Skip to main content

Science: antiquity and its legacy - Philippa Lang ***

There is a lot of nonsense talked about Ancient Greek 'science', so it was genuinely interesting to get a clearer picture of who came up with in the capable hands of ex-classics professor Philippa Lang. Although written in an academic style, the book is approachable and fills in a lot of detail I've not come across elsewhere on the contradictory contributions of different Greek philosophers, organised by topics that vary from the origins of the universe to their decidedly fuzzy ideas about women. (Despite the received wisdom that some of the Greek philosophers were married, you get the impression they'd seen women from a distance, but certainly never got as far as a date.)

 Rather less successful is the 'legacy' part of the book - the attempt to lay the ideas about nature from antiquity alongside modern ones in order to compare and contrast. There are two problems here. One is the tendency (despite regularly emphasising the very different approaches then and now) that pointing out similarities that are nothing more than inevitable coincidence will imply more significance than is deserved, fodder for the 'wonders of ancient wisdom' brigade.

 The other, and worse, problem is that the modern science presented here is sometimes a little adrift from modern scientific content. So, for instance, we have the Big Bang placed 15 billion years ago, the many worlds hypothesis confused with the multiverse concept, and a rather hazy conception of dark matter and dark energy in one chapter alone. A co-author might have been recommended to make the comparisons less ineffective.

 At its worst, the science part is downright confusing, even occasionally when talking about the ancients, e.g. In saying 'As a matter of fact, heavier objects do usually fall faster than lighter ones in atmosphere, because a heavier object is usually a larger object, which means that there is a larger area to be affected by air resistance.' This just doesn't make sense, as being larger will tend to slow down an object rather than speed it up (try dropping a sheet of paper opened flat at the same time as a piece scrunched in a ball).

 Luckily for the reader, though, the tendency to bring in details of modern science fades out after the first couple of chapters (unless you count the likes of Darwin as modern), and the text settles down to a more accurate portrayal. I'm not sure this is a book for every popular science fan, but for anyone looking to get a better grounding of why 'science' in antiquity was both more and less than we tend to think of it, Science: antiquity and its legacy is recommended reading.

Hardback 
Review by Brian Clegg

Comments

Popular posts from this blog

Quantum Space: Jim Baggott *****

There's no doubt that Jim Baggott is one of the best popular science writers currently active. He specialises in taking really difficult topics and giving a more in-depth look at them than most of his peers. The majority of the time he achieves with a fluid writing style that remains easily readable, though inevitably there are some aspects that are difficult for the readers to get their heads around - and this is certainly true of his latest title Quantum Space, which takes on loop quantum gravity.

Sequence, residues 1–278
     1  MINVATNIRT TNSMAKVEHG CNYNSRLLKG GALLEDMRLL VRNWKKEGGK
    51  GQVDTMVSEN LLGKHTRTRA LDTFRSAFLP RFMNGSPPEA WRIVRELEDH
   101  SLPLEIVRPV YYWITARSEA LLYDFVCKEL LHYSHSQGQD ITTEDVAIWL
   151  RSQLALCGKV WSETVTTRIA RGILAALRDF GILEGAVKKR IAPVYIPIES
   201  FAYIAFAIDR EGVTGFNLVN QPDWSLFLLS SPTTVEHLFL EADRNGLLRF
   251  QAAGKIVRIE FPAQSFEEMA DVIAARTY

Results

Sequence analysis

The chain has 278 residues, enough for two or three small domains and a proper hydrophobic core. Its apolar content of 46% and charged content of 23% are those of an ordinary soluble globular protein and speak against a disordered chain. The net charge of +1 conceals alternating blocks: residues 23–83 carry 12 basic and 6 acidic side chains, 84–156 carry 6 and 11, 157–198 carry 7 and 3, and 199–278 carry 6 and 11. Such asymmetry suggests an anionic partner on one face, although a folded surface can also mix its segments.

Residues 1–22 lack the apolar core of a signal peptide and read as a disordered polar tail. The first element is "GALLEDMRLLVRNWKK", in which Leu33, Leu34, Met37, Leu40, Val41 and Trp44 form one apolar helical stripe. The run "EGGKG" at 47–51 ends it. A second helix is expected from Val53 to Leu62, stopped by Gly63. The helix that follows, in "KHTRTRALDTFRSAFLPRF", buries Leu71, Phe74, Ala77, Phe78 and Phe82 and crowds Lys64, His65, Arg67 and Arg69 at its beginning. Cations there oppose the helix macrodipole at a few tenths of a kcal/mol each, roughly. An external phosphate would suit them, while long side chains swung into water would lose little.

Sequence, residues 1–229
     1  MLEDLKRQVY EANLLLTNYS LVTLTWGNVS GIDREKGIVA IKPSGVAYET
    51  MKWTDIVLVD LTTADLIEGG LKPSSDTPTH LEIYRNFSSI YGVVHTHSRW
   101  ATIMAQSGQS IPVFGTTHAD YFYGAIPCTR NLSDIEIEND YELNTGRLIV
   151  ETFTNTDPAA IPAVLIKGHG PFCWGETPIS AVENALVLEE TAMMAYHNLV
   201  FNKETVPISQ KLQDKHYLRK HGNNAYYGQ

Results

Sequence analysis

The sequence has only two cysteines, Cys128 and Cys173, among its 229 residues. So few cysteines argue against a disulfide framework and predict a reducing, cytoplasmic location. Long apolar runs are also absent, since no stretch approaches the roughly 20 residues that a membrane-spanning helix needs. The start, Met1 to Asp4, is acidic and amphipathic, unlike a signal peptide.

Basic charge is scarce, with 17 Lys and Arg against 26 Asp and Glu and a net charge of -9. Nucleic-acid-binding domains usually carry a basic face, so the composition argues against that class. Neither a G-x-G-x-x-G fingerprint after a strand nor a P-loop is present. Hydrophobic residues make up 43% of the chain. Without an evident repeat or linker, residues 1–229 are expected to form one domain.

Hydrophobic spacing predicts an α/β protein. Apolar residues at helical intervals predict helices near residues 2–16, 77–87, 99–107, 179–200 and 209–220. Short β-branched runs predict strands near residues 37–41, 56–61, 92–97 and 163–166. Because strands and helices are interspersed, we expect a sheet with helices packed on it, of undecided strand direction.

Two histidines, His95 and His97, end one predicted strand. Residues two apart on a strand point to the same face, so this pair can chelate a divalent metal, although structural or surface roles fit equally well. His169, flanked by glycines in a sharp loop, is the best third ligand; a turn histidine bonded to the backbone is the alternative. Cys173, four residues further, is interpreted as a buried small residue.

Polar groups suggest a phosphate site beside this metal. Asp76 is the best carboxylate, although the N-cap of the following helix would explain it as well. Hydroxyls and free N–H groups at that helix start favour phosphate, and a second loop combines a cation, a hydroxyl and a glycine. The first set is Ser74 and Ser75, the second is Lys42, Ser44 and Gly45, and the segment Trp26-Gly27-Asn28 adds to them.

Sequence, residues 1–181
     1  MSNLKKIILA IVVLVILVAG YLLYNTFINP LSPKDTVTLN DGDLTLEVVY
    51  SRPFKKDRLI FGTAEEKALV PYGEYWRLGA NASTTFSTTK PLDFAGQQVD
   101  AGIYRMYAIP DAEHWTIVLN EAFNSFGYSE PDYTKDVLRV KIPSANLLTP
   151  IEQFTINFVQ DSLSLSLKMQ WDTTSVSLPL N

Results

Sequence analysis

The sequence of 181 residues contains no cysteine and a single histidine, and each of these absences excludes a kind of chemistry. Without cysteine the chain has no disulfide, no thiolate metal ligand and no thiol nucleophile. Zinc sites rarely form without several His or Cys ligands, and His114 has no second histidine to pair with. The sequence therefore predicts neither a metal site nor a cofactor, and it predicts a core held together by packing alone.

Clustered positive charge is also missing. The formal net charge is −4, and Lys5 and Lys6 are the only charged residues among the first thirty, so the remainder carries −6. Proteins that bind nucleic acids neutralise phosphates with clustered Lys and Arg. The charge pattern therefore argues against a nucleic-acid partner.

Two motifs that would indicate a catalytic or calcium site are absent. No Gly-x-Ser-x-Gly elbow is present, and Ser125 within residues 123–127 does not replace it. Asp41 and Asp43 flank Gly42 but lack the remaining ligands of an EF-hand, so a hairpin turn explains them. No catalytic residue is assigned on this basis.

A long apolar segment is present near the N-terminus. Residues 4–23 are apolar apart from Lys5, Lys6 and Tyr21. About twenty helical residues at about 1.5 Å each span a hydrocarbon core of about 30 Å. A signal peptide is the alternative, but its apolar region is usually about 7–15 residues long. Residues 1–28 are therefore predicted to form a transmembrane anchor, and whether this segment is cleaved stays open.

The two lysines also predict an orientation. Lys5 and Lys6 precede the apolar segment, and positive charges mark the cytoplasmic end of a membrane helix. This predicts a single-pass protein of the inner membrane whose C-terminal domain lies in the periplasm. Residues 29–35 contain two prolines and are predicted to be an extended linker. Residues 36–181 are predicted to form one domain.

As Baggott points out, you could easily think that string theory was the only game in town when it comes to the ultimate challenge in physics, finding a way to unify the currently incompatible general theory of relativity and quantum theory. Between them, these two behemoths of twentieth century physics underlie the vast bulk of physics very well - but they simply can't be put together. String theory (and its big brother M-theory, which as Baggott points out, is not actually a the…

Beyond Weird - Philip Ball *****

It would be easy to think 'Surely we don't need another book on quantum physics.' There are loads of them. Anyone should be happy with The Quantum Age on applications and the basics, Cracking Quantum Physics for an illustrated introduction or In Search of Schrödinger's Cat for classic history of science coverage. Don't be fooled, though - because in Beyond Weird, Philip Ball has done something rare in my experience until Quantum Sense and Nonsense came along. It makes an attempt not to describe quantum physics, but to explain why it is the way it is.

Historically this has rarely happened. It's true that physicists have come up with various interpretations of quantum physics, but these are designed as technical mechanisms to bridge the gap between theory and the world as we see it, rather than explanations that would make sense to the ordinary reader.

Ball does not ignore the interpretations, though he clearly isn't happy with any of them. He seems to come clo…

Everything You Know About Planet Earth is Wrong - Matt Brown ****

This is the latest of a series of 'Everything You Know About... is Wrong' books from Matt Brown. Although I always feel slightly hard done by as a result of the assertion in the title, as there are certainly things here I know that aren't wrong (I mean, come on, the first corrected piece of 'knowledge' is that 'The Earth is only 6,000 years old' and I can't imagine many readers will 'know' that), it's a handy format to provide what are often surprisingly little snippets of information that are very handy for 'did you know' conversations down the pub (or showing up your parents if you're a younger reader).

Some of the incorrect statements that head each article are well-covered, if often still believed (for example, people thought that world was flat before Columbus), some are a little tricksy in the wording (such as seas have to wash up against land) and some are just pleasantly surprising (countering the idea that gold is a rar…